98

Is there a way to run a final JavaScript code when a user closes a browser window or refreshes the page?

I'm thinking of something similar to onload but more like onclose? Thanks.

I don't like the onbeforeunload method, which always yields to a confirmation box popping up (leave page/ stay on mozilla) or (reload/ don't reload on chrome). Is there a way to execute the code quietly?

74

There is both window.onbeforeunload and window.onunload, which are used differently depending on the browser. You can assing them either by setting the window properties to functions, or using the .addEventListener:

window.onbeforeunload = function(){
   // Do something
}
// OR
window.addEventListener("beforeunload", function(e){
   // Do something
}, false);

Usually, onbeforeunload is used if you need to stop the user from leaving the page (ex. the user is working on some unsaved data, so he/she should save before leaving). onunload isn't supported by Opera, as far as I know, but you could always set both.

  • This worked for me: Firefox (69.0.2) and Chrome (77.0.3865.90) – FelipeCaparelli Oct 8 '19 at 10:34
44

Ok, I found a working solution for this, it consists of using the beforeunload event and then making the handler return null. This executes the wanted code without a confirmation box popping-up. It goes something like this:

window.onbeforeunload = closingCode;
function closingCode(){
   // do something...
   return null;
}

Hope this helps.

  • 9
    Isn't this fired also when navigating out and when refreshing (F5) ? If so, it does not really address the question... – Jago Jul 26 '13 at 7:27
  • 1
    Not tested, but I think return false; does the same (i.e. prevents the default behavior) and it is more semantically correct. – collimarco Sep 24 '13 at 15:12
  • 1
    return false will still pop up the dialog box asking if you want to leave the page or not. I tested it on an anchor. With return null the dialog didn't pop up but it still did the console.log – Ricky Stam Oct 31 '13 at 8:01
14

jQuery version:

$(window).unload(function(){
    // Do Something
});

Update: jQuery 3:

$(window).on("unload", function(e) {
    // Do Something
});

Thanks Garrett

13

Sometimes you may want to let the server know that the user is leaving the page. This is useful, for example, to clean up unsaved images stored temporarily on the server, to mark that user as "offline", or to log when they are done their session.

Historically, you would send an AJAX request in the beforeunload function, however this has two problems. If you send an asynchronous request, there is no guarantee that the request would be executed correctly. If you send a synchronous request, it is more reliable, but the browser would hang until the request has finished. If this is a slow request, this would be a huge inconvenience to the user.

Luckily, we now have navigator.sendBeacon(). By using the sendBeacon() method, the data is transmitted asynchronously to the web server when the User Agent has an opportunity to do so, without delaying the unload or affecting the performance of the next navigation. This solves all of the problems with submission of analytics data: the data is sent reliably, it's sent asynchronously, and it doesn't impact the loading of the next page. Here is an example of its usage:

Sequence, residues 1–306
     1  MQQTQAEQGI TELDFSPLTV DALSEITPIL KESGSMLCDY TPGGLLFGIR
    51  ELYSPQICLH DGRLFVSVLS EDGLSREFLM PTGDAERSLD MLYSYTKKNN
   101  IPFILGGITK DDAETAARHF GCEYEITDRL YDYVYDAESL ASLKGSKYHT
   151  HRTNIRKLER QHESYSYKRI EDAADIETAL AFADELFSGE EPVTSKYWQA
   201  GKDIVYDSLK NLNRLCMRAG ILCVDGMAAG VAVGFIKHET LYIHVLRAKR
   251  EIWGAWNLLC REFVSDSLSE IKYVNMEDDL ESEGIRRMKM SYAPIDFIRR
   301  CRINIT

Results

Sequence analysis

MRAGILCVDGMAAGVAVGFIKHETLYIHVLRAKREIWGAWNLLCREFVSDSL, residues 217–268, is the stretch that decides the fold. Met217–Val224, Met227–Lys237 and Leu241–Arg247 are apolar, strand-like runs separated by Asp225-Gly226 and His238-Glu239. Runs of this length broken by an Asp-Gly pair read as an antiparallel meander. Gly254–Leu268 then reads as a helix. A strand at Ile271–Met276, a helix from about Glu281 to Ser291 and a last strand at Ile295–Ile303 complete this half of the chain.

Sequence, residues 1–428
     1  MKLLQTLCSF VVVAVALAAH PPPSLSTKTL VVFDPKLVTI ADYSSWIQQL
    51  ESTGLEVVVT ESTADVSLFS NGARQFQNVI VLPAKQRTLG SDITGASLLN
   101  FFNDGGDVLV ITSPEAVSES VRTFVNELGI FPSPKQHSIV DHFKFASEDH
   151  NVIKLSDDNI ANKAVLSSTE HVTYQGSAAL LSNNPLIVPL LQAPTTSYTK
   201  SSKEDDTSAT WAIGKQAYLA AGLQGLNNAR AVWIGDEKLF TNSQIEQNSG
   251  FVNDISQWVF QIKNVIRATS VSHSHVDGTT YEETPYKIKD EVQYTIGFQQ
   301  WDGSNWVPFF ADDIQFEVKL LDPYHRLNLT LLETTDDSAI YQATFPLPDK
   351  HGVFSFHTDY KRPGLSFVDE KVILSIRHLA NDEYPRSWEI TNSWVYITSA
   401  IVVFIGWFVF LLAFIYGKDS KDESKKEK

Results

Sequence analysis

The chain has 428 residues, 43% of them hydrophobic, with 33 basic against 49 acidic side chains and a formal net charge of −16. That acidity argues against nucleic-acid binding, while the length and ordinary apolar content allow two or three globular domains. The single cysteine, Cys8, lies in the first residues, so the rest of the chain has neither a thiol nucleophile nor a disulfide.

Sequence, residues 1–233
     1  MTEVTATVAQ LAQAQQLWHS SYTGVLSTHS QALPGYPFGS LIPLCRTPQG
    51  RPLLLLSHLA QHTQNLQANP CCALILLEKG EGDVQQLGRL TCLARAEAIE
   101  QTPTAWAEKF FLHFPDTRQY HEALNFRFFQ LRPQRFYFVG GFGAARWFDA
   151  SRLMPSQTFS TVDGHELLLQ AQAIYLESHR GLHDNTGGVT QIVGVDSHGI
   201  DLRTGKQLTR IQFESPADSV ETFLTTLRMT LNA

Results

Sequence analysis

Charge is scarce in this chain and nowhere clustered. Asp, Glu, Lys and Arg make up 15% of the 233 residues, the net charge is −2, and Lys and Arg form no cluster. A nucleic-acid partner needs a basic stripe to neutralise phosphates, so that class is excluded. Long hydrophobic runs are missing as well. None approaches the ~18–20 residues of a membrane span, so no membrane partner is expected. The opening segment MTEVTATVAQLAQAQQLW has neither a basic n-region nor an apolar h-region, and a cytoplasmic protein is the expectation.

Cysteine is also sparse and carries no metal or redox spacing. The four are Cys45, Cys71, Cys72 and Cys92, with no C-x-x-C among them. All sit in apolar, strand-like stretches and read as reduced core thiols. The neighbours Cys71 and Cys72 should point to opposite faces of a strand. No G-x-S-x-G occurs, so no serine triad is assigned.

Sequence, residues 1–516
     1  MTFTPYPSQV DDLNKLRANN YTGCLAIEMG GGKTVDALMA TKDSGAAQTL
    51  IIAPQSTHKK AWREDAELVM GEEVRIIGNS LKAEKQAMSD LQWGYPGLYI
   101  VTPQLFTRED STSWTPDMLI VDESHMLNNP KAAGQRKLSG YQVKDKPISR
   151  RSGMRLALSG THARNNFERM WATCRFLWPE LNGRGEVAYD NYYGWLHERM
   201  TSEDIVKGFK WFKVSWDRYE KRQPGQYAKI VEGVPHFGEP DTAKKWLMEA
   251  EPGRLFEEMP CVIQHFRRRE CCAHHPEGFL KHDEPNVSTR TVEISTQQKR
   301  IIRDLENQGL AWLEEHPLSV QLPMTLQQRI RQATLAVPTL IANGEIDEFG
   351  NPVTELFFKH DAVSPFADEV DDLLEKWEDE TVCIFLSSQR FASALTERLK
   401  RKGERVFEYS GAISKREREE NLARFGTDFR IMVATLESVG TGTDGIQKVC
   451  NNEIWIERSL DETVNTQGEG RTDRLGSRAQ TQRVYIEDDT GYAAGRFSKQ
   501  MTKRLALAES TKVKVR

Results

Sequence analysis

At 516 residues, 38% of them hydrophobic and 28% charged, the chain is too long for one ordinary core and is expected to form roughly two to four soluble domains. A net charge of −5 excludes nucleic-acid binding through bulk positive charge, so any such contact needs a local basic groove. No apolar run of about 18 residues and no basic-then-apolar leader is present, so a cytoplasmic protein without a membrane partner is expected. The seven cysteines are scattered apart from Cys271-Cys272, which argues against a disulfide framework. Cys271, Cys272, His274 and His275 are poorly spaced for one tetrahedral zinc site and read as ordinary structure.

window.addEventListener("unload", logData, false);

function logData() {
  navigator.sendBeacon("/log.php", analyticsData);
}

sendBeacon() is supported in:

  • Edge 14
  • Firefox 31
  • Chrome 39
  • Safari 11.1
  • Opera 26
  • iOS Safari 11.4

It is NOT currently supported in:

  • Internet Explorer
  • Opera Mini

Here is a polyfill for sendBeacon() in case you need to add support for unsupported browsers. If the method is not available in the browser, it will send a synchronous AJAX request instead.

  • This question was in the scope of a "To send a request to the server" case. The idea was to be able to keep tabs on open tabs per user and clean-up on backend when a tab is closed. – Peter Sep 21 '18 at 17:37
  • @Peter I was including it for completeness, but I deleted it. – Mike Sep 21 '18 at 22:37
  • @Mike, please, do NOT delete your answer. It not only complete the selected best answer (it should be yours) but also presents the event used to catch window exit or close – Alex8752 Mar 23 '19 at 19:36
  • @Alex8752 I didn't delete my answer, I edited out a portion of it that was irrelevant to the question, which you can view here. – Mike Mar 24 '19 at 5:29
  • 1
    @AshokKumar You're in control of what you send to the server. If you want to send things by GET, there's nothing that prevents you from sending your request to something like http://example.com/script.php?token=something&var1=val1&var2=val2 thus putting those values into GET. – Mike May 15 '19 at 22:36
7

You can use window.onbeforeunload.

window.onbeforeunload = confirmExit;
function confirmExit(){
    alert("confirm exit is being called");
    return false;
}
6

The documentation here encourages listening to the onbeforeunload event and/or adding an event listener on window.

window.addEventListener('beforeunload', function(event) {
  //do something here
}, false);

You can also just populate the .onunload or .onbeforeunload properties of window with a function or a function reference.

Though behaviour is not standardized across browsers, the function may return a value that the browser will display when confirming whether to leave the page.

3

The event is called beforeunload, so you can assign a function to window.onbeforeunload.

-2

You can try something like this:

<SCRIPT language="JavaScript">
<!--
function loadOut()
{
window.location="http://www.google.com";
}
//-->
</SCRIPT>

<body onBeforeUnload="loadOut()">
  • 21
    Beware, people reading this in not ancient times - this is ancient JS and HTML and the other suggestions here are way better. – RAnders00 Jan 21 '16 at 20:58

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